Archives: relationships

I Am For People

I Am For People

We teach our kids not to bully, but we’re bullies about our opinions online.
We teach our kids to be nice to others, but we’re unkind to people who hold different beliefs and perspectives.
Why is it that that we know that our kids need to know how to navigate relationships in a life-giving way, but we neglect to see that we, as adults, need the exact same thing

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The Biggest Lie You’re Telling Right Now


Every relationship relies on communication.

We often think of relationships through titles… boyfriend, mother, best friend, wife, boss, next-door neighbor, etc.

Relationships can perhaps be defined by titles, but they exist because we’re working to associate with each other. One of the main ways we do that is through conversation.

Think about your relationship with Jesus… it’s sustained by prayer, which is simply an ongoing conversation with Him. If conversation is that vital to our relationship with God, it’s probably going to be important in all of them.

Not all of our efforts to communicate are effective, however. If we’re honest, some of them just flat-out stink.

Here are a few standard ways we stink at communicating in our relationships…

  • Deflection. When someone tries to talk to you about something that has to do with you, you deflect the attention to something that has to do with them.
  • Reduction. We all have big problems in our lives. A reduction is when we reduce a problem’s significance. A reduction takes a big problem and talks about it like it’s insignificant.
  • Amplification. This is where someone takes a small issue and blows it up into a huge one, often to try to shift the attention from a bigger issue that’s perhaps more uncomfortable.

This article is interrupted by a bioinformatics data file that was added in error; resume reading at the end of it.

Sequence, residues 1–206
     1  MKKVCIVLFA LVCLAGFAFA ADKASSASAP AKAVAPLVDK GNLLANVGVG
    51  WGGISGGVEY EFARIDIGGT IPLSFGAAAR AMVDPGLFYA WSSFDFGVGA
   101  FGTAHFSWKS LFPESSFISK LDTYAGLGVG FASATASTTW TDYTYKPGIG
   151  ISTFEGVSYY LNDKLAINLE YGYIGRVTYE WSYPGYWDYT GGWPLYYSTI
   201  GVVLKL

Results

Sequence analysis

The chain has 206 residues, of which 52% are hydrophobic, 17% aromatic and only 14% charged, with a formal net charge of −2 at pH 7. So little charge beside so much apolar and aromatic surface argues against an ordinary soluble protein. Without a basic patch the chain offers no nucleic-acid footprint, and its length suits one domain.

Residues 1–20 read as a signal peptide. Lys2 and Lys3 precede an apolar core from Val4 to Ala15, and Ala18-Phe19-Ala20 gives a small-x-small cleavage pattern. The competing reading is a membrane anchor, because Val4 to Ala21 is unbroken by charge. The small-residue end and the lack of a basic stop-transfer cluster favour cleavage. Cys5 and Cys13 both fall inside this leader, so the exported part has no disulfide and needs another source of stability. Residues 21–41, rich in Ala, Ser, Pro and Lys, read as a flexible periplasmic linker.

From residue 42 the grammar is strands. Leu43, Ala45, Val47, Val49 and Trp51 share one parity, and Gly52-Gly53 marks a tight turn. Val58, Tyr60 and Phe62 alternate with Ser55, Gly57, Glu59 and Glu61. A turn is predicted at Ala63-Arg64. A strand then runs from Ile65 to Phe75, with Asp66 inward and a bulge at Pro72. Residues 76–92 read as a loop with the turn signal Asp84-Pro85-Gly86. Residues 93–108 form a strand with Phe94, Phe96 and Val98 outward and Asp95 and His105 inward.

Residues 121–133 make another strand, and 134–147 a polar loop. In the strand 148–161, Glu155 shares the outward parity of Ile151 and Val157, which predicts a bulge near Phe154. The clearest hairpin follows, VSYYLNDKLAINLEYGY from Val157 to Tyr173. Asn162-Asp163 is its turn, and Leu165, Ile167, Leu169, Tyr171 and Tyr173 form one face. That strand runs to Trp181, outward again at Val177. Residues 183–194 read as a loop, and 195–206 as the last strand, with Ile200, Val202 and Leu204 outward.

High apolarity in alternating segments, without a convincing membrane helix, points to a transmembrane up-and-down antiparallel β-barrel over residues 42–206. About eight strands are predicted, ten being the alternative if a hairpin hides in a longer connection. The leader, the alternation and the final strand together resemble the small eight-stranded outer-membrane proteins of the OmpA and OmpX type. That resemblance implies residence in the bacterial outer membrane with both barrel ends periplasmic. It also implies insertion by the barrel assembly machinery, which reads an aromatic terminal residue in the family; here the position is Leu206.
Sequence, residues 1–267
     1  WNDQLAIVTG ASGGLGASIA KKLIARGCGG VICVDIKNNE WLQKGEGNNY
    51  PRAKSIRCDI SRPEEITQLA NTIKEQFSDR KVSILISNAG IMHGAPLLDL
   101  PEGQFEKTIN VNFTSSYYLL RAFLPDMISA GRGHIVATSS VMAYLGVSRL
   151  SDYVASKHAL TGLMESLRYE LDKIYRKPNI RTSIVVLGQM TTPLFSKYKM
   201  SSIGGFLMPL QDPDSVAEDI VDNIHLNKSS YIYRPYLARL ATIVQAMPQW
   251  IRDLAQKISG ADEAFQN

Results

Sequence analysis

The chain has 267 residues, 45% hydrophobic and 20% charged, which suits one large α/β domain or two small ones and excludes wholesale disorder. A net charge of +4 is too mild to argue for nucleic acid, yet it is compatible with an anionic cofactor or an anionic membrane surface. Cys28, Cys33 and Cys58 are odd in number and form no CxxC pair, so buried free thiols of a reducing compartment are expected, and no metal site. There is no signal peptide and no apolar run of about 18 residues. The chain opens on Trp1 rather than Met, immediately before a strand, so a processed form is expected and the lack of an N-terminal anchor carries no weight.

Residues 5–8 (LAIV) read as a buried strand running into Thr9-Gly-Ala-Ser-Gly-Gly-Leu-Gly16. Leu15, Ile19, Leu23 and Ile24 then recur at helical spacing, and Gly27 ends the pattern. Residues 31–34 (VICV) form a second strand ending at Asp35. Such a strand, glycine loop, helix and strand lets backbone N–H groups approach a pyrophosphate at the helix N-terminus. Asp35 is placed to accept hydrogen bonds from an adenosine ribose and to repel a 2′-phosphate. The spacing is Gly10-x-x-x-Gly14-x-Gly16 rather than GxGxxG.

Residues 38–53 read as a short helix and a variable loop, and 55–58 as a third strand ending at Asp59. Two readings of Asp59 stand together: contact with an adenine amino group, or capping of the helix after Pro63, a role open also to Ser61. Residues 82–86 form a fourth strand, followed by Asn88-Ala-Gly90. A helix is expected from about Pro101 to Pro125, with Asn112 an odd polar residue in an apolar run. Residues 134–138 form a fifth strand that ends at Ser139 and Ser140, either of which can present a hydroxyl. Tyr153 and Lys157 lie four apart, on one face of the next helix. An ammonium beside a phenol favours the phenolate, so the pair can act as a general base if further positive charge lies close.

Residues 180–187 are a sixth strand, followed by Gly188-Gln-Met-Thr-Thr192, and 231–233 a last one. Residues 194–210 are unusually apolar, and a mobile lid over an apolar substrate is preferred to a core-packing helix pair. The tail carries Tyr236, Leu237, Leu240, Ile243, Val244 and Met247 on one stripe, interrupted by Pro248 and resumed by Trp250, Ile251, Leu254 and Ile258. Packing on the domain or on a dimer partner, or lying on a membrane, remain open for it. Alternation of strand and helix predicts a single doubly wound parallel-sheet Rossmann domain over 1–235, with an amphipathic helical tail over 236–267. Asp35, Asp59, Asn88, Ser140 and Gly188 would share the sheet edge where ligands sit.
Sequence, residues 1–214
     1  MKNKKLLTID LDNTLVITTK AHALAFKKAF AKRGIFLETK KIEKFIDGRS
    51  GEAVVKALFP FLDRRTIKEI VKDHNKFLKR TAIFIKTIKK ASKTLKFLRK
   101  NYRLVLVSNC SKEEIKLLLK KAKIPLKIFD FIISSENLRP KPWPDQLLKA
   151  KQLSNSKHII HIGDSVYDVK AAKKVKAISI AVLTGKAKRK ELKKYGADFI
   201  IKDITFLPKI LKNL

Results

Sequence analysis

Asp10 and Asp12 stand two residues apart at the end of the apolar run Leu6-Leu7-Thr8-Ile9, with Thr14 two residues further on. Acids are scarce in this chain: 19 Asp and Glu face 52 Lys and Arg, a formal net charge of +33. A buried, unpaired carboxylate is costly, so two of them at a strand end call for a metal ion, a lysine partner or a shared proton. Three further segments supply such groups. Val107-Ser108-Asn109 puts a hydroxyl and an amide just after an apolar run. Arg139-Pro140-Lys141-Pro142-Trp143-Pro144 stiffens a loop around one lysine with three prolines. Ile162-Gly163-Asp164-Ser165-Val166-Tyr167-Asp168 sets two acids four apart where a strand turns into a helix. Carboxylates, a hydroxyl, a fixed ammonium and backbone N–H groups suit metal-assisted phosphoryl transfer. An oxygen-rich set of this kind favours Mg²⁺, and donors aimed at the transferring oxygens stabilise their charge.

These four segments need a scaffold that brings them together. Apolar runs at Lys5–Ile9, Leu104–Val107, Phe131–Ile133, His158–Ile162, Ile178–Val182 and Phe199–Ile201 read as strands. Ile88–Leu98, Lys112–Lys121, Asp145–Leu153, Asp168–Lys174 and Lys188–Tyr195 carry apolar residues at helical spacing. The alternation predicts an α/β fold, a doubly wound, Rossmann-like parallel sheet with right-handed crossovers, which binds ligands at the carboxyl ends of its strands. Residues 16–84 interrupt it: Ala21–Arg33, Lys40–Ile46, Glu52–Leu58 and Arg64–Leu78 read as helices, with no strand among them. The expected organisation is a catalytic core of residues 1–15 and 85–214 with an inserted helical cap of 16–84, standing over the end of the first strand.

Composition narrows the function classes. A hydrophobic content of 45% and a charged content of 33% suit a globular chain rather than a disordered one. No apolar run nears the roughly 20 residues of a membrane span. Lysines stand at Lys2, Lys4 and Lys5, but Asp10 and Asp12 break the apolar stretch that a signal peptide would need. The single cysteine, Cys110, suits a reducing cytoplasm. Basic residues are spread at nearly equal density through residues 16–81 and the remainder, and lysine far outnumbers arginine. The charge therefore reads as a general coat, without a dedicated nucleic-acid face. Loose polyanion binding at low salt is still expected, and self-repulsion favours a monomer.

• Explosion. If a difficult conversation is going a direction you’re uncomfortable with, a full-on blow up will increase the intensity of the conversation. This is often the result of someone feeling extremely vulnerable and out-of-control.

The most ineffective way we communicate is telling a lie.

Jesus took the truth so serious that He defined himself as The Truth (John 14:6). When we lie, we don’t tell the truth. This one act communicates one simple truth: we don’t trust Jesus completely.

The difficult thing to accept is that many of us are telling lies right now, but perhaps in a way that you’re not aware of.

The biggest lie you’re probably telling is something that you’re NOT saying.

I’d like to call that an OMISSION.

Here’s a few reasons we don’t talk about important things…

  1. “We’ve already talked about this.” This is a lie that we’ve believed where we think that just because we had a past conversation about this general topic, it’s covered under that umbrella. It’s where the guy who told his wife he loved her on their wedding day, gets the idea that h doesn’t need to tell her that again.